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MRes Student publishes on Current Biology
- MRes student Nils Gustafsson has contributed to a microtubule publication in prestigious journal Current Biology
CoMPLEX PhD student publishes on Science
The Strawberry Poison-dart frog, O.pumilio, lives in aquatic lowland regions on the Caribbean coast of Central America (in particular Nicaragua, Costa Rica and Panama). For most of its range it is found in one colour pattern. This colour is believed to be aposematic – that is, the bright colour serves as a warning to would-be predators that the frog is poisonous. Thus if a predator eats a frog, it will be ill, but will remember next time that bright frogs are not to be eaten. The bright colouration therefore protects O.pumilio. However, in the Bocas del Toro archipelago in Panama there are 15 different colours of O.pumilio seen. Each of these alternative phenotypes occupies a different island (or where two phenotypes occupy the same island there is evidence that the populations have come from different sources and been reintroduced to one another by humans). There are two other species of poisonous Dendrobatid frogs that also inhabit this region, occupying the same habitats (often found within centimetres of one another on the forest floor). Curiously, these species do not exhibit the same phenotypic variation as O.pumilio. Since O.pumilio females do the bulk of caring for the offspring, and this is not the case in the other species, it has been hypothesised that sexual selection may be the force responsible for the wide variation in phenotypes in the focal species as opposed to the others. Using quantitative genetics, Professor Iwasa and I attempted to demonstrate whether or not this was possible.
Figure 1 – O. pumilio, the Strawberry poison-dart frog. This is the general colouration, found throughout most of the frog’s range.
Quantitative genetics is the theoretical study of traits that are controlled by a large number of genes, and are generally continuous in nature. They are also often affected by environmental factors. Examples are height, weight, and, in our case, skin colour. We simplified to consider frog colour as a real-number x, and female preference (the colour of frog they’d most like to mate with) as y. While males express only colour, females have both colour and preference. We defined relative fitness functions for males and females, and from these equations we calculated that in the absence of drift, populations under sexual selection are likely to evolve so that mean colour and mean preference are equal. This sort of assortative mating is seen in frog populations in the real world.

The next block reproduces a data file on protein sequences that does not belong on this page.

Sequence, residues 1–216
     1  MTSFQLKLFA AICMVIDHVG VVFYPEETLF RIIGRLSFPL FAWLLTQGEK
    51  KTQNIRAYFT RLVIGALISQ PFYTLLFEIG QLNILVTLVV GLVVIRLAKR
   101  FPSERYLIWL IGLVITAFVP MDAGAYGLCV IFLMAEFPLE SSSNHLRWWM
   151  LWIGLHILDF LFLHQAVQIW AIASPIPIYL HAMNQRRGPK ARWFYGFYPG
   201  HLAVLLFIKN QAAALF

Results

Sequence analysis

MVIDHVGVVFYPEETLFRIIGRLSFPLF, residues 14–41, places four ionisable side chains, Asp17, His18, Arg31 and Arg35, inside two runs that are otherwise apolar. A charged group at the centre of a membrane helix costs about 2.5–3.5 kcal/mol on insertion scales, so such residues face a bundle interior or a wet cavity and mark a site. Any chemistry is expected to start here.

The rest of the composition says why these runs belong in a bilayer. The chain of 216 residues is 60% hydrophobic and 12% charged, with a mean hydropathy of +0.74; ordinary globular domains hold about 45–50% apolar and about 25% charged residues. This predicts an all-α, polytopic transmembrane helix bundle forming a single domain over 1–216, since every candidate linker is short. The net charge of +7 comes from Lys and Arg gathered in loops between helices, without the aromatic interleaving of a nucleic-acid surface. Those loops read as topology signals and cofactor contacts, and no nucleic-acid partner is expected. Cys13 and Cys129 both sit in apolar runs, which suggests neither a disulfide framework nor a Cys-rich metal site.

However, in our small island populations, random drift will occur. This will happen because in finite populations, chance events will lead to the population means for both colour and preference being slightly different than what they would be from selection alone. Since drift is likely to affect both O.pumilio and the other two species in a similar fashion, we asked the question: what difference does sexual selection make to the variance between different populations caused by drift?
Incorporating existing models for random drift and sexual selection, we established that in some cases the variation in skin colour between sexually selecting populations can be much larger than that between non-sexually selecting populations. However, it depends on the parameters of the model: in some circumstances the variation will be more or less equal in both cases, and in other cases the variation between populations will actually be less in the sexually selecting species!
Figure 2 – graph indicating under what circumstances variance is increased (ie what conditions would be required for sexual selection to explain the variation in O.pumilio). Where the graph is red, variance is increased. Where the graph is blue, it is actually suppressed. The yellow indicates there is little effect on variance.
To cut a long story short, if genetic variance in female preference is greater than genetic variance in colour, and females do not suffer very negative consequences for preferring males of extreme colours compared to what males suffer for bearing those colours, the random drift in female preference can be transmitted to colour through sexual selection. Mean population colour is then pushed around by random drift, and also by drift in female preference. If these parameters apply to O.pumilio, then it is possible that sexual selection could be the cause of the phenotypic variation seen in the Bocas del Toro archipelago. While we cannot be certain about the parameter values in the real world, those required seem plausible at least. This “sex-inflated drift” has not been theoretically described or investigated previously to our knowledge, and may play a role in speciation in a wider range of situations.
Page last modified on 20 jan 10 19:45